One of the benefits of freelance travel is stop and spend as much time at locations that interest you.  Hiring a guide and letting them know what your interests are helps to make each trip that much more special and memorable.  Being able to talk and learn from your guide about life in the area is another added benefit.  During our stop at the palm sugar "factory", we took the time to watch traffic move along the road.  Three of my favorites were the young woman with firewood stacked high on the back of her bicycle, the coconut vendor headed to his stall on his motorbike, and the farmer in his ox cart.

Headed Home With Some Firewood

Headed His Food Stall With Fresh Green Coconuts

Cambodian Farmer Headed Down the Road
From the palm sugar "factory" we drove aways into the countryside and commenced the climb to the sacred mountain.  We stopped at Kbal Spean - a locale on the Kbal Speam River where many ancient carvings have water flowing over them.  The ancient carvings are related to Hinduism and the worship
of the Hindu trinity "Vishnu", Shiva" and "Brahma"  One section of the riverbed was discovered in 1968 to have many lingham (linga) carved into the bedrock.  "Shiva" is worshipped in the form of "lingham".  Lingham or linga have been interpreted by some people as representing or symbolizing the male penis.  There remains a debate about the phallic symbololism of linga.  My attitude is ... "if it walks like a duck and quacks like a duck .. it is a duck"

Hindu Carvings In River Bed of Kbal Spean River

The Waffle Maker
We arrived at Phnom Kulen to discover a temple and near by picnic area where many Cambodian families were enjoying the surroundings and opportunity to swim in the narrow river.  After touring the temple, we crossed a small suspension bridge - think in terms of Indiana Jones over the river.  We were open game for the Cambodian children.  As we crossed the rickety bridge the children at the far end of the bridge jumped up and down causing the bridge to sway from side to side and to bounce up and down.  It was all good natured fun and when Duang's screams got too loud and uncontrolled, the children stopped.  There were many vendors in the area selling all types of prepared foods and drinks.  One of my favorite treats were waffles cooked over an open wood fire - delicious.  As we ate our lunch we watched the children diving off the bride into the river, and splashing about in the water - just like children at a river anywhere else in the world.  It was entertaining and enjoyable to observe them.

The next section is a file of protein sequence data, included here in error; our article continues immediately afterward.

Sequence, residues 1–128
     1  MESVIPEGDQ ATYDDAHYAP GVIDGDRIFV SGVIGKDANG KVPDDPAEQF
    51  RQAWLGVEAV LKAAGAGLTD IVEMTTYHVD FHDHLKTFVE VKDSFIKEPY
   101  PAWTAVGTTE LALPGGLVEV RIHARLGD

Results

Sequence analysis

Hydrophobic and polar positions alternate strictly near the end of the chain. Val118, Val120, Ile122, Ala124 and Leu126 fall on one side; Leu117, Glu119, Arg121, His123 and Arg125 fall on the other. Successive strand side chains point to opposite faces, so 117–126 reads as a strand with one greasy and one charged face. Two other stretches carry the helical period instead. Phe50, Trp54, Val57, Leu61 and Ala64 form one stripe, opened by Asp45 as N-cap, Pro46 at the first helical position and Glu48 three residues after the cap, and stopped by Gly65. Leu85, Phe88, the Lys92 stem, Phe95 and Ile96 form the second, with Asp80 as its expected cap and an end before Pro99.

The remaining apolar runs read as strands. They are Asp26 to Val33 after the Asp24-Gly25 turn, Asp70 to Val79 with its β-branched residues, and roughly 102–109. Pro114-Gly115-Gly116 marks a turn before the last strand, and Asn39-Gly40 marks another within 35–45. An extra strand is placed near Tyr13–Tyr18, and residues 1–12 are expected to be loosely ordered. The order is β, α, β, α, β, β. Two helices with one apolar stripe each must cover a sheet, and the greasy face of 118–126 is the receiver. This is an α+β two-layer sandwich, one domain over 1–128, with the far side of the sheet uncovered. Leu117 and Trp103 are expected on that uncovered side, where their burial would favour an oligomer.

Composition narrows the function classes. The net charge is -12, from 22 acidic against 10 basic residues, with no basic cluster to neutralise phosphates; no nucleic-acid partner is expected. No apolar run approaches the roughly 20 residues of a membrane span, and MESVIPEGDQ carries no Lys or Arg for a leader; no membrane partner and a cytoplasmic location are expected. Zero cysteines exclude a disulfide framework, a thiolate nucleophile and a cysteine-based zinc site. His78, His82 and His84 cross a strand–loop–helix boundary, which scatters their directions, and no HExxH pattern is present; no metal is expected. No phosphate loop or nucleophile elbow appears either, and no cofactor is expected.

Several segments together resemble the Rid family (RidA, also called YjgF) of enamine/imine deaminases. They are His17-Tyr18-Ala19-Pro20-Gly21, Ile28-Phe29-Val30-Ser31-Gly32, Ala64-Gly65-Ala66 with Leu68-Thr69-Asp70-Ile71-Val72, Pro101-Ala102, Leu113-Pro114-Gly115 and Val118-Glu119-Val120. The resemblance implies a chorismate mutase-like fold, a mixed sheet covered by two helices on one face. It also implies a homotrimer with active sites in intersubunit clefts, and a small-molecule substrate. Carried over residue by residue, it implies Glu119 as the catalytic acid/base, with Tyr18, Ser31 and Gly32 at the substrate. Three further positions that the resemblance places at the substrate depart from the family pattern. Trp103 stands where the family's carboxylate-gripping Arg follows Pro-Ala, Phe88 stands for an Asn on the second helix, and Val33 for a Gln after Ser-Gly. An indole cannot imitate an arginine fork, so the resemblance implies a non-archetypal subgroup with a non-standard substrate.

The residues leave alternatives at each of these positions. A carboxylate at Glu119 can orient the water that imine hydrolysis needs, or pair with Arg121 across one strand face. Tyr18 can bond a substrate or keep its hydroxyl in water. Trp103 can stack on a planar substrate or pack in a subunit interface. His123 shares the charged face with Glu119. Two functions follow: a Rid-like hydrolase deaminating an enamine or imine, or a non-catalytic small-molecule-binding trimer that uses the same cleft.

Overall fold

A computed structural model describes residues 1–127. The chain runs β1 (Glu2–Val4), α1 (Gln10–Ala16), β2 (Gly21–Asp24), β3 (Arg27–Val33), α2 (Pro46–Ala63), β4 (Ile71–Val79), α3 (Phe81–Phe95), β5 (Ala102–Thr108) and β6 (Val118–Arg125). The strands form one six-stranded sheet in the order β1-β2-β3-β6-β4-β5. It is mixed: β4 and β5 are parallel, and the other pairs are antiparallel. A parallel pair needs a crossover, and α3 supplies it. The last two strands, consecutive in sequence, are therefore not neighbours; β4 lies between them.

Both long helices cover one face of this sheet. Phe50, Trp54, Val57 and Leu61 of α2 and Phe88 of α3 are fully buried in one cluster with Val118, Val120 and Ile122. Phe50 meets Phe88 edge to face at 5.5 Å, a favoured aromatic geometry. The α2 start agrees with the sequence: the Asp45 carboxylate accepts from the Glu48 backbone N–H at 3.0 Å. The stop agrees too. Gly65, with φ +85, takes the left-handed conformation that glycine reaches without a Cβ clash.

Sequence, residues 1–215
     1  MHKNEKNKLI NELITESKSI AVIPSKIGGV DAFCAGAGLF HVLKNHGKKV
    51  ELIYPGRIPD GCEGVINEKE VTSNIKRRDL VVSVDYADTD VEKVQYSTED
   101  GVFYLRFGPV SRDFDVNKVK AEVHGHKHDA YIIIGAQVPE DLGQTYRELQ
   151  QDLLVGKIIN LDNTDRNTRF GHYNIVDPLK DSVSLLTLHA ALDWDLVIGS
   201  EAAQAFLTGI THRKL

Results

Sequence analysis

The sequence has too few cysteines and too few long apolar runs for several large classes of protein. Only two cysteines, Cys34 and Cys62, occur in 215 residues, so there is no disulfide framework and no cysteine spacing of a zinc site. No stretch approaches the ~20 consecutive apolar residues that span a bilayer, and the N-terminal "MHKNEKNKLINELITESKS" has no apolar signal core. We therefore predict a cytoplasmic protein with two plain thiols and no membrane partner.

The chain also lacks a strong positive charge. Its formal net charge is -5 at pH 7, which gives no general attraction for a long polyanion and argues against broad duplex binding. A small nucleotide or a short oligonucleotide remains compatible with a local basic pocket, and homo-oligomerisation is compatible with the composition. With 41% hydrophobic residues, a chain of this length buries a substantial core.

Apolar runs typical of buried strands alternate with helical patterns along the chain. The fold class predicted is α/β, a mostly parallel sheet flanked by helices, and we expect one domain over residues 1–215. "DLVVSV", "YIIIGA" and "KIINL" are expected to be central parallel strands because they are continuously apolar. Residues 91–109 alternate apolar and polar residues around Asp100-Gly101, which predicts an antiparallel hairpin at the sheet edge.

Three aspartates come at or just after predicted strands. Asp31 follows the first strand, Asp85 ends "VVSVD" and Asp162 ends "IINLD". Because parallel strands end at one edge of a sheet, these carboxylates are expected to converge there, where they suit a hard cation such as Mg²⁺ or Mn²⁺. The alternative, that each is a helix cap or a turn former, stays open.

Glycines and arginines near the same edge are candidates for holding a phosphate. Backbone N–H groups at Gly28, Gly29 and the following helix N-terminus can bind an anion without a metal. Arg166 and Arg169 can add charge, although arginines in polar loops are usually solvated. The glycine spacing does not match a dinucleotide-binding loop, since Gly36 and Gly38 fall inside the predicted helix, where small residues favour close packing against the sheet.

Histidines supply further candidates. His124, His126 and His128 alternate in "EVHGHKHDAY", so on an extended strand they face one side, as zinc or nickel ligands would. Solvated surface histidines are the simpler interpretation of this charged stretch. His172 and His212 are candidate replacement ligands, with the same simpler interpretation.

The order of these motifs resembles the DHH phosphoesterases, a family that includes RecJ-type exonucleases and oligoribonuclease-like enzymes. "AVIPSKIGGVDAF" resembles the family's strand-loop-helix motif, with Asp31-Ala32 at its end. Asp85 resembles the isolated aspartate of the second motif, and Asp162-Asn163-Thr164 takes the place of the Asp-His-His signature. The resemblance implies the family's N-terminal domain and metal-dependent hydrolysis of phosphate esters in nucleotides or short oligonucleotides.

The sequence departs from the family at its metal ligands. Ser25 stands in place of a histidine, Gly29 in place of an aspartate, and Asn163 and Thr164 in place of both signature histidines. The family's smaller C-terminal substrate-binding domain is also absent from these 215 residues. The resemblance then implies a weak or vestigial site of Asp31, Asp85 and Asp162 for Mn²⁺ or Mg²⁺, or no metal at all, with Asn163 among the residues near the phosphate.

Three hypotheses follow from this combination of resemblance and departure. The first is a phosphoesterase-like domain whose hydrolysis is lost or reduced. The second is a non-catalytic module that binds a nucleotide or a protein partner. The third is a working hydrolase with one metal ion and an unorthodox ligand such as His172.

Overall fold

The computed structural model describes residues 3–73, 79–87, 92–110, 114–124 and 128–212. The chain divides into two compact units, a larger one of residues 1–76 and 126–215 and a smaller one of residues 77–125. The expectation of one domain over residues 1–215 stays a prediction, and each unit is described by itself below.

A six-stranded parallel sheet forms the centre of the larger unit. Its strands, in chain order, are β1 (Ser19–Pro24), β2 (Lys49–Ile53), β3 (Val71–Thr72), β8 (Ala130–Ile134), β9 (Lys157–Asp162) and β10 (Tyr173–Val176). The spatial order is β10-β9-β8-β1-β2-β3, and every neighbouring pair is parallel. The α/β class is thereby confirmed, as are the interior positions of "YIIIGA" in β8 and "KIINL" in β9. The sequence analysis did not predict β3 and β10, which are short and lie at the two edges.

A Khmer Mud Pie Maker in Phnom Kulen

As we enjoyed the children's antics at the river and watched other children playing in the nearby village, our joy was somewhat tempered by the knowledge that these children and their families remain at risk from UNEXO "Un Exploded Ordnance" - land mines in the area.  Phnom Kulen had been a refuge for the Khmer Rouge so both sides of the civil war extensively used land mines in the area.  During our Cambodian visit we saw many people missing limbs from war and from the remnants of war that continue to victimize innocents today.

Courtyard of Land Mine Museum

On our return journey to Siem Reap we visited the Land Mine Museum - a vast collection of defused land mines collected by a Cambodian man dedicated to freeing his homeland from the curse of modern warfare.  It was a sobering experience to view the quantity as well as variety of weaponry used for "denial of territory".  Weapons that still kill, maim and will for many years to come.

Banteay Srei Ruins

Before returning to our hotel, we visited Banteay Srei, a 1,100 year old Hindu temple dedicated to Shiva.  The temple is constructed from pinkish rock and has excellent carvings - an excellent choice by our guide for the last temple that we would visit on this trip.

Exquisite Banteay Srei Stone Carvings

One of Many Banteay Srei's Fine Carvings

We returned to our hotel around 5:00 P.M.  After dinner at a restaurant across the street and a visit to the local night market, we retired to our room for some well needed sleep.  the next day would be another long day - a trip to Tonle Sap Lake and the floating village of Chong Kneas.